Now the Black Cat Bones need to be 'dressed' with Van Van Oil, and Florida Water.
Van Van oil is sometimes associated wtih "Opening the Way to Visions and/or Psychic Clarity" Sticks, Stones, Roots, and Bones: Hoodoo, Mojo & Conjuring with Herbs by Stephanie Rose Bird.
- Some of the properties of Van Van oil traditionally are:
- Banishing and Clearing Evil
- Ritual Preparation
- Turnaround-back luck becomes best luck, and poor investment turn into abundance
- Good luck in Money, Business, Gambling, and Love.
- As a Road Opener.
Traditionally Van Van Oil is believed to have come from New Orleans LA, specifically in the West Bank district of Algiers, across the river from the French Quarter.
Florida Water or Eau de Cologne water is next. Florida Water is used in rituals of home protection and spiritual cleaning, to scent bowls of water set out for the spirits of the dead, as a basis for making an ink-dyed scrying water, to draw gambling luck and for other ritual and cosmetic purposes among people of African-diaspora descent in the United States and the Caribbean.
Working with San Cypriano is a very personal process-based to a great extent on an Individuals magickal congress with the Saint-and the ritual work involved.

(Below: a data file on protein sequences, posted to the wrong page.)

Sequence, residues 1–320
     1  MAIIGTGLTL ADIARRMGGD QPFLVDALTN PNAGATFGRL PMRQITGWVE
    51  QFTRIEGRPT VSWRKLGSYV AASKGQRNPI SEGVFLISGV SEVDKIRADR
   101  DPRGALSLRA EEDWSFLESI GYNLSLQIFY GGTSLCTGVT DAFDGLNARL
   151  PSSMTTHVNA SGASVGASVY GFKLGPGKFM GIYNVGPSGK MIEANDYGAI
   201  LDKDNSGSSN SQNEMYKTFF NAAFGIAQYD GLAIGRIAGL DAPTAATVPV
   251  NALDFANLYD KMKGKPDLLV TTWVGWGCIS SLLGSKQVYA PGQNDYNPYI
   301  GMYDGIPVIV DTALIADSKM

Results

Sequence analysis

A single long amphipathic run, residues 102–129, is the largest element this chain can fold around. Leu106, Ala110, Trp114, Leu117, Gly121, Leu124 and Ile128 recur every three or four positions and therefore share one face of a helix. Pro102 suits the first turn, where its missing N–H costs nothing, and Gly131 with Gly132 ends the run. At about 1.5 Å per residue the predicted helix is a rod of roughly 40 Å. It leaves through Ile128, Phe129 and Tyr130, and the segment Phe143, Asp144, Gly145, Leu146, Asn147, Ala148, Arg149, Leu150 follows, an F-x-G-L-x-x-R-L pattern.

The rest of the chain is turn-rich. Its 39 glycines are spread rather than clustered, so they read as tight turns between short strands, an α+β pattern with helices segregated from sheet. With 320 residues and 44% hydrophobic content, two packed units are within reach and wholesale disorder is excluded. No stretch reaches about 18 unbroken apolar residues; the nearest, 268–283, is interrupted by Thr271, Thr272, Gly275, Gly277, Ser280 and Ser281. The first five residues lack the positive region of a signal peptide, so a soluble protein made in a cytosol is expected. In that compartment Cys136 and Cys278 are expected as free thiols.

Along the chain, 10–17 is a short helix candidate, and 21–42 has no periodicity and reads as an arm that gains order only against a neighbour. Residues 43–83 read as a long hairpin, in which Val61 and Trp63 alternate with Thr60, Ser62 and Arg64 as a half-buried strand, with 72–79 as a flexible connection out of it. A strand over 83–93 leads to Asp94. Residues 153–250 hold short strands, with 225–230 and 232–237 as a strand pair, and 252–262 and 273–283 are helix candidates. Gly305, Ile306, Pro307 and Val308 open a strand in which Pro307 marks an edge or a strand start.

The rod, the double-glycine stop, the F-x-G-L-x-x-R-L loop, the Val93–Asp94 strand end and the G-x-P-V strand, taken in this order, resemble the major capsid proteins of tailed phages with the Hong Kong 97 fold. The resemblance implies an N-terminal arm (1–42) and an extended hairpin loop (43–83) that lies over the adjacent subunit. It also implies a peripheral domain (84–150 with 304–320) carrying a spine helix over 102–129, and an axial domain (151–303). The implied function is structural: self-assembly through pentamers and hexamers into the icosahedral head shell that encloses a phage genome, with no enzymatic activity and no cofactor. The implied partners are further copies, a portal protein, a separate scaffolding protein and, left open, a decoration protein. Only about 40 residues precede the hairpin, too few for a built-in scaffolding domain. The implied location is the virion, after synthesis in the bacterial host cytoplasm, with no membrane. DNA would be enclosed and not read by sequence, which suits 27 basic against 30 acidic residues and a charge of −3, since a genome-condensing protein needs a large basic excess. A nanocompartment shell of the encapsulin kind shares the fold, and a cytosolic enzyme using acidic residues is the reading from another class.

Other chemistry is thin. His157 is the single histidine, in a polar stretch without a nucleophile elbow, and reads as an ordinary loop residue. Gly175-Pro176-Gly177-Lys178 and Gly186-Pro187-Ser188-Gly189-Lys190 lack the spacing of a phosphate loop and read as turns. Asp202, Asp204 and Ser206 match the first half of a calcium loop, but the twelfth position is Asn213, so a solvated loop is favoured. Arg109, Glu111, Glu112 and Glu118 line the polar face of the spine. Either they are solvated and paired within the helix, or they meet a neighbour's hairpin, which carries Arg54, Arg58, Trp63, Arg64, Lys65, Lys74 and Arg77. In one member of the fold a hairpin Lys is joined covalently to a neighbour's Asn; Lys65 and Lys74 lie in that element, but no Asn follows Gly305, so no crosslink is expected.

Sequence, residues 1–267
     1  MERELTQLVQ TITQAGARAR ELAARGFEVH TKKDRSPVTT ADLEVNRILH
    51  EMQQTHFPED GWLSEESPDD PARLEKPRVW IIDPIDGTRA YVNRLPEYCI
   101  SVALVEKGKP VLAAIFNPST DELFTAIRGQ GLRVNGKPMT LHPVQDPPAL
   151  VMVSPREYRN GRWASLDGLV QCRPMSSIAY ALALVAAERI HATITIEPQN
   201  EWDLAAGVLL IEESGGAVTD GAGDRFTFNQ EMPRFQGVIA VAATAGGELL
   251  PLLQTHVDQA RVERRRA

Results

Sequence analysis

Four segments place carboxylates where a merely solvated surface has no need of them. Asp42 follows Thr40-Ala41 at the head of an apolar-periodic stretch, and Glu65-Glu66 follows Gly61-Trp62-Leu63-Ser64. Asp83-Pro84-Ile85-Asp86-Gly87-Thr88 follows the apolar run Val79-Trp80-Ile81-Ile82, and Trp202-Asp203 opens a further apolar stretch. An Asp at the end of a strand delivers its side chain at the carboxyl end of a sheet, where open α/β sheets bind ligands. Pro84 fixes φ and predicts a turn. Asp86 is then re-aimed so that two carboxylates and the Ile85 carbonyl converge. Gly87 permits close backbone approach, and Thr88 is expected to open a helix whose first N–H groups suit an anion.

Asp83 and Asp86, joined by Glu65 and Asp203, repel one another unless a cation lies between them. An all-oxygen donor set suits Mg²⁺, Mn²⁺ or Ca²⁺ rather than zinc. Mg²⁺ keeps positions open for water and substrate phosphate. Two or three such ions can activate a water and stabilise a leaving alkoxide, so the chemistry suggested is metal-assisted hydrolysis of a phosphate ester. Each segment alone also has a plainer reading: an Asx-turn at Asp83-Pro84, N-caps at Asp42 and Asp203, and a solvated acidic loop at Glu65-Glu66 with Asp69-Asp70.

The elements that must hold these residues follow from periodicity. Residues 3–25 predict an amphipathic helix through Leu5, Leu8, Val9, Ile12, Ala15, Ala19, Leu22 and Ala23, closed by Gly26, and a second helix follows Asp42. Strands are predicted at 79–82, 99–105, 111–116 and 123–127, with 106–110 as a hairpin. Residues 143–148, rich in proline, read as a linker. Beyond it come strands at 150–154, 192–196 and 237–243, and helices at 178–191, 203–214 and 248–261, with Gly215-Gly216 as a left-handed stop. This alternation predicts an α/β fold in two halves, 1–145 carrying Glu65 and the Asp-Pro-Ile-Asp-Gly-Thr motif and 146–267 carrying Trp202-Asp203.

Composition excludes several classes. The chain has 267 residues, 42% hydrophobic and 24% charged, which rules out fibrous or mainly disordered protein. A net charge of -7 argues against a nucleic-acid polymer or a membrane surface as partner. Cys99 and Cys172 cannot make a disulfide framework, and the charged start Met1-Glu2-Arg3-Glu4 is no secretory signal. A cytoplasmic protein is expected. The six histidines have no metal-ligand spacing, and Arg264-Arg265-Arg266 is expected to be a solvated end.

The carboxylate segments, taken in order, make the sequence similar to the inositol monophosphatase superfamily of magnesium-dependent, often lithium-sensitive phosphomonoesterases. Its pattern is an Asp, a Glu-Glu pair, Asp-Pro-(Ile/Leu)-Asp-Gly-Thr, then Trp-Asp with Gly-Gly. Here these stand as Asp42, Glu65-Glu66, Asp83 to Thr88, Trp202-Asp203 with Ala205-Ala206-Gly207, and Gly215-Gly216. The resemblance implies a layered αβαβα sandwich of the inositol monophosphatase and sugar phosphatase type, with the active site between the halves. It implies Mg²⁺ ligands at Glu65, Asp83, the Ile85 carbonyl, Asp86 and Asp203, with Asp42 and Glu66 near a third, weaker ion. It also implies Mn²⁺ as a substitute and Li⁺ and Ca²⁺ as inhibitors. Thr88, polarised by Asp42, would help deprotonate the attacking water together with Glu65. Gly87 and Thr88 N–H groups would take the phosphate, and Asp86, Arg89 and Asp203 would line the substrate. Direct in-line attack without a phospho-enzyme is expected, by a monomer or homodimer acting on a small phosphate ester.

One of the things I was shown via Spiritual Congress in direct association with the Black Cat Bone working-is that after the initial exhuming of the Black Cat skeleton-a bone is gifted to the Saint, transforming him from the Traditional Catholic Saint-in purple robes-to the Sorceress Patron Santos dressed in Black/Red. As such-the traditional purple candle of the Saint transforms
Into the Black/Red energies of the San Cypriano candle sigilized with the Ponto of San Cypriano (Exu by Nicholaj de Mattos Frisvold, and Drum & Candle: First-Hand Experiecnes and Accounds of Brazilian Voodoo and Spiritism by David St. Clair...
Most Holy San Cypriano
Patron Santos of Sorcererous Deeds!
May you Infuse these Black Cat Bones
with the Powers of the Infernal Realm
with the Powers of the Sorcerer's Path
with the Powers of the Crossroads
with the Powers of the Old Magick!
I Beseech you San Cyrpiano!
I Beg you San Cypriano!
I Pray to you San Cypriano!